The Game of Kings is the first of six novels in the Lymond Chronicles by Dorothy Dunnett. From the first words “Lymond is back,” the reader is enveloped in mid-16th century Scotland, and the story of a Scottish rogue named Francis Crawford of Lymond. Lymond’s return to Scotland is noteworthy because years ago he was tried and condemned in absentia as a traitor. Consequently, he cannot move openly in Scottish society, but runs a band of outlaws to further his own ends. What his goals and reasons for returning to Scotland are, remains a mystery for a good portion of the novel, as does his personal character. You can be forgiven for wondering if these goals simply revolve around making his family and former acquaintances as unhappy as possible, since Lymond frequently antagonizes those around him.
Dunnett has set these books during a fascinating period: the time of Mary Queen of Scotland, Suleiman the Magnificent, and Russia’s Ivan the Terrible. The Game of Kings takes place shortly after Henry VIII’s death, as England tries to seize Scotland’s throne by forcing young Mary into a betrothal with Henry’s son Edward. The Scots are trying to keep Mary out of English hands, and hoping for a betrothal with Henri II’s son instead. Consequently, there is plenty of tension between the Scots and English, and Lymond appears to be playing both sides. He is also hunted by both sides, as well as by his brother who feels personally insulted by Lymond’s actions against the family name.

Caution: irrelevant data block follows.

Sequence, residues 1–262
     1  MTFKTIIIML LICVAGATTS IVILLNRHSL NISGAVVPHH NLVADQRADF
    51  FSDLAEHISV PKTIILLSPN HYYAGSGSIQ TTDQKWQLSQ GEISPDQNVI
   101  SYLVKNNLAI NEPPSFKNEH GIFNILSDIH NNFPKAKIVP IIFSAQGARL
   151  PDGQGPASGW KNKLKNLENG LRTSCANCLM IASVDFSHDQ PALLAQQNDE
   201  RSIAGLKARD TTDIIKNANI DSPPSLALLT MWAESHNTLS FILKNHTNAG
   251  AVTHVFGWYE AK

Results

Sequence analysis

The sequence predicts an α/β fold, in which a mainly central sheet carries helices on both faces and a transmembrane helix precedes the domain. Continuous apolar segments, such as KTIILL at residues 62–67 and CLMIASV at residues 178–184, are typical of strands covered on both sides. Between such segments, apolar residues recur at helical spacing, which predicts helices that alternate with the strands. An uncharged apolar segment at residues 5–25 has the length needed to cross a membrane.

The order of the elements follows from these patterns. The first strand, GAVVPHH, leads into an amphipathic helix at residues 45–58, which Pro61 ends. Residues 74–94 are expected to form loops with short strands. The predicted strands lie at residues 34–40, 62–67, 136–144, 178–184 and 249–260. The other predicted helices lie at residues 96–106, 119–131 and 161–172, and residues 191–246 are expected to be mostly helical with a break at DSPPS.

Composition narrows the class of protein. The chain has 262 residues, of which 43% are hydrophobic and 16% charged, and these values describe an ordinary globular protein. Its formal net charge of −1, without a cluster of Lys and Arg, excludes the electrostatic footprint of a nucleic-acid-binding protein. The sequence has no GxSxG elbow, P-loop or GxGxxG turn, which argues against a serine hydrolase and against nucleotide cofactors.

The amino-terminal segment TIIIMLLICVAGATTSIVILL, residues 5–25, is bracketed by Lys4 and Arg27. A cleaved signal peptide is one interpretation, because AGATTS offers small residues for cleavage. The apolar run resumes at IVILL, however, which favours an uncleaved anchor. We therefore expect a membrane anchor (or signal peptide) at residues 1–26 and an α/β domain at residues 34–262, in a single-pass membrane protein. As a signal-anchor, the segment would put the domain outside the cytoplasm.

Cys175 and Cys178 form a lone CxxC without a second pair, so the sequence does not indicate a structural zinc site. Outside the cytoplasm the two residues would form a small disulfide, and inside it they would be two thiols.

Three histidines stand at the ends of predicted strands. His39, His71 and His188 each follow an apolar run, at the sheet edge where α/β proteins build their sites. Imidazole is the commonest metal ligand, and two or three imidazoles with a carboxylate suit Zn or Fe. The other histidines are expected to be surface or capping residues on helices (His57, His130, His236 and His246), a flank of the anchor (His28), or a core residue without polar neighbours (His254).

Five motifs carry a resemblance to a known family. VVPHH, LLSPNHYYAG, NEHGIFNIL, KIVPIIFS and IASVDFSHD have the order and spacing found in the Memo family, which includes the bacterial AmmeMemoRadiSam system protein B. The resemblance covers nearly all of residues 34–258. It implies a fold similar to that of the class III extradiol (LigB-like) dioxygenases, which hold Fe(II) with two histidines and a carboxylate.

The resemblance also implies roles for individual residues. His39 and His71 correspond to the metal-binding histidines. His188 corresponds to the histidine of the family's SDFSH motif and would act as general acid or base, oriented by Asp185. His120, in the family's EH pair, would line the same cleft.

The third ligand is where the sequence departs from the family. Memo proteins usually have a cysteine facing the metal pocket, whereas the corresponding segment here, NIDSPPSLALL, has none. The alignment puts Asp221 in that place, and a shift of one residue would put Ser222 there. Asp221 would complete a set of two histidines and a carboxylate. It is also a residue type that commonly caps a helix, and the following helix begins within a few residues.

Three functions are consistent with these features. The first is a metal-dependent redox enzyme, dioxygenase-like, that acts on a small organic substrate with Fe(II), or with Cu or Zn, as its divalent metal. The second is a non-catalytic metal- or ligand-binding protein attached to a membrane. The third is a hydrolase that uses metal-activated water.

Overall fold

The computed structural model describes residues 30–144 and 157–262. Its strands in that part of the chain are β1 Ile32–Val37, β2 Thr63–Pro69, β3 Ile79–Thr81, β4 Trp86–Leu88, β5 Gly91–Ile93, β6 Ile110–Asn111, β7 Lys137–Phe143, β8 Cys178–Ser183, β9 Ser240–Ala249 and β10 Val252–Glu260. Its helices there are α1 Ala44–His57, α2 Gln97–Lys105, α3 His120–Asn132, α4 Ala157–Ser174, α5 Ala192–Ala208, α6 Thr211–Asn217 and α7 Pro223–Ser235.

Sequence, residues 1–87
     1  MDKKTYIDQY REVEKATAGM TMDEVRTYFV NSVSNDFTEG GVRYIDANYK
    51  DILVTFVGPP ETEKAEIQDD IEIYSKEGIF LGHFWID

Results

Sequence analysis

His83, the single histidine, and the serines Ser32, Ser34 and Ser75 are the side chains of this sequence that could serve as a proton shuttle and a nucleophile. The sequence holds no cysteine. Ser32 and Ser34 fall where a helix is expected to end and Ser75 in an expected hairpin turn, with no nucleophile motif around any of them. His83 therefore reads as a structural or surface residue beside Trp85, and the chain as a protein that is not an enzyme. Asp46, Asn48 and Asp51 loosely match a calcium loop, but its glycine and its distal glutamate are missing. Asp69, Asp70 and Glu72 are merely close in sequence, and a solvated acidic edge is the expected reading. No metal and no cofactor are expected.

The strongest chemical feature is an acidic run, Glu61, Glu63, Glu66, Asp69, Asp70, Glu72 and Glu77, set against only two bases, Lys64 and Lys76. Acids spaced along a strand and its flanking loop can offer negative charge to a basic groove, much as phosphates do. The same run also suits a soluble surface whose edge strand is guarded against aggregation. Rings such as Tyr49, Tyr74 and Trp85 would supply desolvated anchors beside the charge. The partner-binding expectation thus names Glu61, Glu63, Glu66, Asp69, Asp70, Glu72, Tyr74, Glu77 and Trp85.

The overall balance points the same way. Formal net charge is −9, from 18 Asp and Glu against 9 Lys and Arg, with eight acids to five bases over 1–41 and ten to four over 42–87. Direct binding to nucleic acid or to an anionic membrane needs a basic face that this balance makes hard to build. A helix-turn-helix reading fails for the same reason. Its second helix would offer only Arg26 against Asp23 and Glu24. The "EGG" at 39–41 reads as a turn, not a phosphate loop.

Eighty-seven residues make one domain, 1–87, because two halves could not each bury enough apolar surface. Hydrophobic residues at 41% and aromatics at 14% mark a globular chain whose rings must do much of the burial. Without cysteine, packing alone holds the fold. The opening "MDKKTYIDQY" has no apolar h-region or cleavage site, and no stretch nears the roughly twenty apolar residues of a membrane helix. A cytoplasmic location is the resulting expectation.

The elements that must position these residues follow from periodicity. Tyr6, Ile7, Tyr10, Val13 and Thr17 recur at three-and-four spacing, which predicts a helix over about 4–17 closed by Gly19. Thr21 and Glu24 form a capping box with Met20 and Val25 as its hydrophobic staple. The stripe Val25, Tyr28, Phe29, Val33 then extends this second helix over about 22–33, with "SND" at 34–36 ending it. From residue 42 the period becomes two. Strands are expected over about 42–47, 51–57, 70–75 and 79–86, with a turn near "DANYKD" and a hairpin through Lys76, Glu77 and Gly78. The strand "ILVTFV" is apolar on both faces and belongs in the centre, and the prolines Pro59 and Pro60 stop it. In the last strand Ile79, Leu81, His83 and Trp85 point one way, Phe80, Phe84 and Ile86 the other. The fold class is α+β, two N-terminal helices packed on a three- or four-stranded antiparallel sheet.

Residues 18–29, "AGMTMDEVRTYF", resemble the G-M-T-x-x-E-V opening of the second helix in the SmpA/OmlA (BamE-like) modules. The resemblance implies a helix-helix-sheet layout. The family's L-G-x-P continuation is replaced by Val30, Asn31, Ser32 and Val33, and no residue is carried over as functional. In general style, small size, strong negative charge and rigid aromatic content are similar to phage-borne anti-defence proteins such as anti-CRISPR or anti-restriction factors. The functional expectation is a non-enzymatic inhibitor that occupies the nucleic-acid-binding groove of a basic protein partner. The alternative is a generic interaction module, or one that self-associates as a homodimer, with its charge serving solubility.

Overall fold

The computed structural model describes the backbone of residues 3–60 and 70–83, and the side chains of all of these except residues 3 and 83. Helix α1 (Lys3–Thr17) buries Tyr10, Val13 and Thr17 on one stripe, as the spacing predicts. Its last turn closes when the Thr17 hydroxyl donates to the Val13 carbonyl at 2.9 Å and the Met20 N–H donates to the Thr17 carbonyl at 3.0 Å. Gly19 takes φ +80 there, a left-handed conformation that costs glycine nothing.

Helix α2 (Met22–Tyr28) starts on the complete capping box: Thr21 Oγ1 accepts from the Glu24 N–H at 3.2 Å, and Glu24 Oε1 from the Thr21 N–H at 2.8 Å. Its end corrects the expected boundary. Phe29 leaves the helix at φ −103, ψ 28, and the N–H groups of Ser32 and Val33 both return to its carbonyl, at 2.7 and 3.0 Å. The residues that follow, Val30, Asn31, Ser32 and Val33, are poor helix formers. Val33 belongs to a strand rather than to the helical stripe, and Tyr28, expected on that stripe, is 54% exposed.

There are many reasons to enjoy this story, but Lymond is the primary one. In Lymond, a scholar, soldier, and musician, Dunnett has created a character so willful, intelligent, vivid, talented, and frustrating, that many people have called him the ultimate anti-hero. It is impossible not to have a reaction to him, whether positive or negative, or both.
These books are also wonderful historical fiction, full of plot twists, intrigue, and action. Dunnett’s research is impeccable, her characters are three dimensional, and the mysteries and final resolution satisfying. She is often mentioned in the same breath as Patrick O’Brian, and is considered one of the best writers of historical fiction. However, she doesn’t cater to her readers. She throws you into a dense story, and allows you to sink or swim. There are many characters, and her main one is a polyglot who frequently quotes in other languages, without the benefit of translation. Many readers struggle through the first chapters of this novel, only to fall in love with the characters and story. After struggling through the first hundred or so pages myself, I proceeded to race through the rest of the books, mourned reaching the final page, and then promptly started rereading The Game of Kings.